The first of these is the Obama administration's plan to spend at least $185 billion in the next ten years to "modernize" the U.S. government's nuclear weapons arsenal. At present, the U.S. government possesses approximately 8,500 nuclear warheads, and it is hard to imagine that this country would be safer from attack if it built more nuclear weapons or "improved" those it already possesses. Indeed, President Barack Obama has declared -- both on the 2008 campaign trail and as President - that he is committed to building a world without nuclear weapons. This seems like a perfectly sensible position -- one favored by most nations and, as polls show, most people (including most people in the United States). Therefore, the administration should be working on securing further disarmament agreements -- not on upgrading the U.S. nuclear arsenal in preparation for future nuclear confrontations and nuclear wars.
In late June of this year, Archbishop Desmond Tutu, a Nobel Peace Prize laureate, wrote: "It is deeply troubling that the US has allocated $185 billion to augment its nuclear stockpile over the next decade, on top of the ordinary annual nuclear-weapons budget of more than $50 billion." Not only has the International Court of Justice affirmed that nations "are legally obliged to negotiate in good faith for the complete elimination of their nuclear forces," but "every dollar invested in bolstering a country's nuclear arsenal is a diversion of resources from its schools, hospitals, and other social services, and a theft from the millions around the globe who go hungry or are denied access to basic medicines." He concluded: "Instead of investing in weapons of mass annihilation, governments must allocate resources towards meeting human needs."
Another project worth eliminating is the national missile defense program. Thanks to recent Congressional generosity, this Reagan era carryover, once derided by U.S. Senator Edward Kennedy as "Star Wars," is currently slated for an increase in federal spending, which will provide it with $8.6 billion in fiscal 2012.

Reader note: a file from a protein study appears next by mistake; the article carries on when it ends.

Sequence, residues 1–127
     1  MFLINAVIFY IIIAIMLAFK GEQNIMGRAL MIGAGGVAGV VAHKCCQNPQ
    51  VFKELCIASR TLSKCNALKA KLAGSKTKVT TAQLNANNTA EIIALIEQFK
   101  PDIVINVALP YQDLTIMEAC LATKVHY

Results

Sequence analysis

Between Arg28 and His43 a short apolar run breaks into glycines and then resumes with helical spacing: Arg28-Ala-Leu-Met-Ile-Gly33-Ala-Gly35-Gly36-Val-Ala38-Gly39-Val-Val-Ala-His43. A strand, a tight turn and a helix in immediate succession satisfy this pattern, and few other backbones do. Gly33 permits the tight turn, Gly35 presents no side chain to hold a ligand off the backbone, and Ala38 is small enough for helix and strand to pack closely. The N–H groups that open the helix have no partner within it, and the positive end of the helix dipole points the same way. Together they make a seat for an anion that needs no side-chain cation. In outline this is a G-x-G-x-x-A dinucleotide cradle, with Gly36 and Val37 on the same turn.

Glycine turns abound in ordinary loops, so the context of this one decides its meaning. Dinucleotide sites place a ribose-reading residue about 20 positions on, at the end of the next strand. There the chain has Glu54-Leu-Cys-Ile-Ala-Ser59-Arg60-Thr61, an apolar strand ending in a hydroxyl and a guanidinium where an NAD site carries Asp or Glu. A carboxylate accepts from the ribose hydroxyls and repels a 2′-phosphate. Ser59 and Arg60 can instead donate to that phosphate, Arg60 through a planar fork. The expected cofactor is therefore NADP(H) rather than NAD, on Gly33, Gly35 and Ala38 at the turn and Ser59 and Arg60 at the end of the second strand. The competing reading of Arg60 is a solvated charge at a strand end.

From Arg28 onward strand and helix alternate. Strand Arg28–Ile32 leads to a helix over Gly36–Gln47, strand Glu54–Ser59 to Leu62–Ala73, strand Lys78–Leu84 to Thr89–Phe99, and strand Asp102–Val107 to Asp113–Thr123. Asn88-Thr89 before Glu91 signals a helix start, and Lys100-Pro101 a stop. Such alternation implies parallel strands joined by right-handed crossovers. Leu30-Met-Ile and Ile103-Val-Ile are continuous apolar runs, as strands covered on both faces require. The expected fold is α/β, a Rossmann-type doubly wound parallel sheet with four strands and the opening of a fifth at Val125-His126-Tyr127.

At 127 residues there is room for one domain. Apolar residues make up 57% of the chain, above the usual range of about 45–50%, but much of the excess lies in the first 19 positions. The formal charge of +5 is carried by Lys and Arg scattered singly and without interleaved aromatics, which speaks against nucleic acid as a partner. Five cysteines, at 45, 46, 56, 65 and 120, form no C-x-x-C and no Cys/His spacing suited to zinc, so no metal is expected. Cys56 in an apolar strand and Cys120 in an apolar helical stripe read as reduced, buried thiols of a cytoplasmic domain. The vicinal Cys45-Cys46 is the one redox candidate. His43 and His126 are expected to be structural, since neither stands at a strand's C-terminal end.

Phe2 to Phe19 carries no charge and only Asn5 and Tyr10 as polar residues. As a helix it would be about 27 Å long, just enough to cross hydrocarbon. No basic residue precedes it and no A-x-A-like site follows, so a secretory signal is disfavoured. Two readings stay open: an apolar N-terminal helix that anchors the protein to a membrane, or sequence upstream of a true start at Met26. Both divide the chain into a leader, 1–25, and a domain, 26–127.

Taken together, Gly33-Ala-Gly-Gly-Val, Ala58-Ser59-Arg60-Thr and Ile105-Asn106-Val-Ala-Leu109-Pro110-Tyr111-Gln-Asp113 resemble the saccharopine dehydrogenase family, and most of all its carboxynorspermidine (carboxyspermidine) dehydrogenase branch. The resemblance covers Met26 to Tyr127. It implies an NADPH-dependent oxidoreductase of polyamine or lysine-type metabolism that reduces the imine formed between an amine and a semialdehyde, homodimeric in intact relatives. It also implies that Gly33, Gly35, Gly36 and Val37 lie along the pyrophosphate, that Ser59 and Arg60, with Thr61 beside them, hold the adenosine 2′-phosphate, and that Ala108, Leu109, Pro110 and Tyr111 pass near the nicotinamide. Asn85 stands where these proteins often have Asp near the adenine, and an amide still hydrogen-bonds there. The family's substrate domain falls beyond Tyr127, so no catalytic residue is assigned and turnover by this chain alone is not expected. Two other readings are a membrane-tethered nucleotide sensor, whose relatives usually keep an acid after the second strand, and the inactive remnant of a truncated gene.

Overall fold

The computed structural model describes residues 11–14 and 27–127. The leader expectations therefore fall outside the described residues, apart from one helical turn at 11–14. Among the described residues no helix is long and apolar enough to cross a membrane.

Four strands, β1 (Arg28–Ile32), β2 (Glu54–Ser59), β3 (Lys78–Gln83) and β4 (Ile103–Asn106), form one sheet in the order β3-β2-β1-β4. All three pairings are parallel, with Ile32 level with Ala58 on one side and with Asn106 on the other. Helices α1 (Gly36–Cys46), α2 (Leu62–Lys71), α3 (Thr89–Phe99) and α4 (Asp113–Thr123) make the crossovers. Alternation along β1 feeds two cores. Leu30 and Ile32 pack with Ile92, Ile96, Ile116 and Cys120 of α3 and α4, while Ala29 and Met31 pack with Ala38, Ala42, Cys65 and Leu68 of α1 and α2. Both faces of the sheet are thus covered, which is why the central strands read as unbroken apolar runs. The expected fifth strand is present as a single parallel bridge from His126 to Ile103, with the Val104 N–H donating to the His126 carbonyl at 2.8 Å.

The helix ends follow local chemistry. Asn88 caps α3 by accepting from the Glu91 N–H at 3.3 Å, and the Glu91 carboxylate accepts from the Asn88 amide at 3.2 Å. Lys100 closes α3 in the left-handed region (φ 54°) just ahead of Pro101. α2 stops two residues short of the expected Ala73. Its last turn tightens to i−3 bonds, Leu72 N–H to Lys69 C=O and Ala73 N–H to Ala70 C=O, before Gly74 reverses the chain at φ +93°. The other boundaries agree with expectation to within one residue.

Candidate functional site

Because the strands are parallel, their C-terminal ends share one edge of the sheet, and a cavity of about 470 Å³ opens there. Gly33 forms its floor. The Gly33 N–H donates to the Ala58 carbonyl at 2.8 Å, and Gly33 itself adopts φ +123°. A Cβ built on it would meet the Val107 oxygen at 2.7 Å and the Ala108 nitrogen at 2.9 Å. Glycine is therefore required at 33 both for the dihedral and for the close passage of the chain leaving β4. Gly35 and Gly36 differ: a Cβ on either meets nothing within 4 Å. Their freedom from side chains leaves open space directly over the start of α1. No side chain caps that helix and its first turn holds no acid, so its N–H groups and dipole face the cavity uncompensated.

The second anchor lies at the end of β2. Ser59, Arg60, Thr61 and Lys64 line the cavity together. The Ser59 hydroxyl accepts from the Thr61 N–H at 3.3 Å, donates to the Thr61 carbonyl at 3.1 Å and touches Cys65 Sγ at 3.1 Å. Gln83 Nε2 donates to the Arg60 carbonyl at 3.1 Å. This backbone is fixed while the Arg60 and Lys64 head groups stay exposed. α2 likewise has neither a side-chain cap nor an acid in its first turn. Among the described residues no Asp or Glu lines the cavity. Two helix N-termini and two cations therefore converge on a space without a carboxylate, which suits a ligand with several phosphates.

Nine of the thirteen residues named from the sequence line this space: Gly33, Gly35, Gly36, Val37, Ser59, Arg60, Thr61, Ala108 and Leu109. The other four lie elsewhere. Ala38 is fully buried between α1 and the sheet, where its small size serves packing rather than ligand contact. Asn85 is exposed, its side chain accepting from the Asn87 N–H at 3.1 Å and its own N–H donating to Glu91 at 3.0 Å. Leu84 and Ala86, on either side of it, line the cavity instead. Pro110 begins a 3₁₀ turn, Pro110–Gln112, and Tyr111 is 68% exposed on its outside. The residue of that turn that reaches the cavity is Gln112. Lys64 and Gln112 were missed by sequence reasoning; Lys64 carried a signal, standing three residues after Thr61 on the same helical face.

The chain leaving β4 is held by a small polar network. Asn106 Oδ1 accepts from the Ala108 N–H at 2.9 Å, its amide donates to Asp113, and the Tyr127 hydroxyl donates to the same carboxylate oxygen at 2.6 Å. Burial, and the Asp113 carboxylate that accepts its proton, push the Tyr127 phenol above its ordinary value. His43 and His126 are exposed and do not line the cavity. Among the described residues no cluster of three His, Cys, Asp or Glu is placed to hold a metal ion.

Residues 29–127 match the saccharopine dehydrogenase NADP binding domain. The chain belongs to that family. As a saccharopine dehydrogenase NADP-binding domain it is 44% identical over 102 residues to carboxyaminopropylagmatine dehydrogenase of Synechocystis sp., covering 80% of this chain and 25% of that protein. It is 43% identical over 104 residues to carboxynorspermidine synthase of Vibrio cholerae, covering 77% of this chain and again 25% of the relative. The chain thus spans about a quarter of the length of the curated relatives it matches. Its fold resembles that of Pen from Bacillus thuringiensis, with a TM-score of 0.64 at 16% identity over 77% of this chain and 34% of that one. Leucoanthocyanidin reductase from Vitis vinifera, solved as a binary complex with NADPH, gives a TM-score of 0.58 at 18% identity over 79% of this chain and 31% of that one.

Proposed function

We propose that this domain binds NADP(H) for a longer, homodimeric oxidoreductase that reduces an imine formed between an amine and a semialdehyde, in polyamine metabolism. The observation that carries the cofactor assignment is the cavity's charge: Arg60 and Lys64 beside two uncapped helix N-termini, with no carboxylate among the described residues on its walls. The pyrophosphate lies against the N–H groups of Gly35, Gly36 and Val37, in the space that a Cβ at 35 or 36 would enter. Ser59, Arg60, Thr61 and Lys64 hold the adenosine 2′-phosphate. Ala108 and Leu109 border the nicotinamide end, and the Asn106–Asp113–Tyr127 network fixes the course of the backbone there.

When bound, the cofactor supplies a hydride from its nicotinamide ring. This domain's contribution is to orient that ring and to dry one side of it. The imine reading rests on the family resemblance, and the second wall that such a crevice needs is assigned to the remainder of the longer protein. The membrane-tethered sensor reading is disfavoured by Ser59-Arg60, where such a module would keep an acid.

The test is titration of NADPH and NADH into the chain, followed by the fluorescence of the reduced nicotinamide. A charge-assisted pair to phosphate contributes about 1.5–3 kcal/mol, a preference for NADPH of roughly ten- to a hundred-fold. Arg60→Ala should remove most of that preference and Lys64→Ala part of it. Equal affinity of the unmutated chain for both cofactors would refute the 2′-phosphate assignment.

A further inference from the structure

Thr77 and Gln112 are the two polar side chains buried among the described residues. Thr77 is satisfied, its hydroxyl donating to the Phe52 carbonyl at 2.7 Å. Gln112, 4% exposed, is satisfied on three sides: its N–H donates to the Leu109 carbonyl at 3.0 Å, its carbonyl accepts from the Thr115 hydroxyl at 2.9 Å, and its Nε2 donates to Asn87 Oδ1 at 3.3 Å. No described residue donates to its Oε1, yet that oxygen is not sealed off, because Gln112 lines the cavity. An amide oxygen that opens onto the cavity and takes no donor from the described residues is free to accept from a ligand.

The vast and expensive missile defense program -- costing about $150 billion since its inception -- has thus far produced remarkably meager results. Indeed, no one knows whether it will work. As an investigative article in Bloomberg News recently reported: "It has never been tested under conditions simulating a real attack by an intercontinental ballistic missile deploying sophisticated decoys and countermeasures. The system has flunked 7 of 15 more limited trials, yet remains exempted from normal Pentagon oversight."
Carl Levin, the Michigan Democrat who chairs the Senate Armed Services Committee, reported that his committee was "deeply concerned" about the test failures of the nation's missile defense program. He also implied that, given the disappearance of the Soviet Union, the United States might not need such a system to deter its potential enemies, which have a far inferior missile capability. "The threat we have now is either a distant threat or is not a realistic threat," he remarked.
Why, then, do other nations -- for example, Russia -- fiercely object to the deployment of a U.S. missile defense system near their borders? Perhaps they fear that, somehow, U.S. scientists and engineers will finally figure out how to build a system, often likened to hitting a bullet with a bullet, that makes the United States invulnerable while they are left vulnerable. Or perhaps they think that, one day, some U.S. government officials might believe that the United States actually is invulnerable and launch a first strike against their own nations. In any case, their favorite solution to the problem posed by U.S. national missile defense -- building more nuclear-armed missiles of their own -- significantly undermines the security of the United States.
Projecting the current annual cost of this program over the next decade, the United States would save $86 billion by eliminating it.
Thus, by scrapping plans for nuclear weapons "modernization" and for national missile defense -- programs that are both useless and provocative -- the United States would save $271 billion (well over a quarter of a trillion dollars) in the next ten years. Whether used to balance the budget or to fund programs for jobs, healthcare, education, and the environment, this money would go a long way toward resolving some of the nation's current problems.
Dr. Lawrence Wittner is Professor of History emeritus at the State University of New York/Albany. His latest book is Confronting the Bomb: A Short History of the World Nuclear Disarmament Movement (Stanford University Press).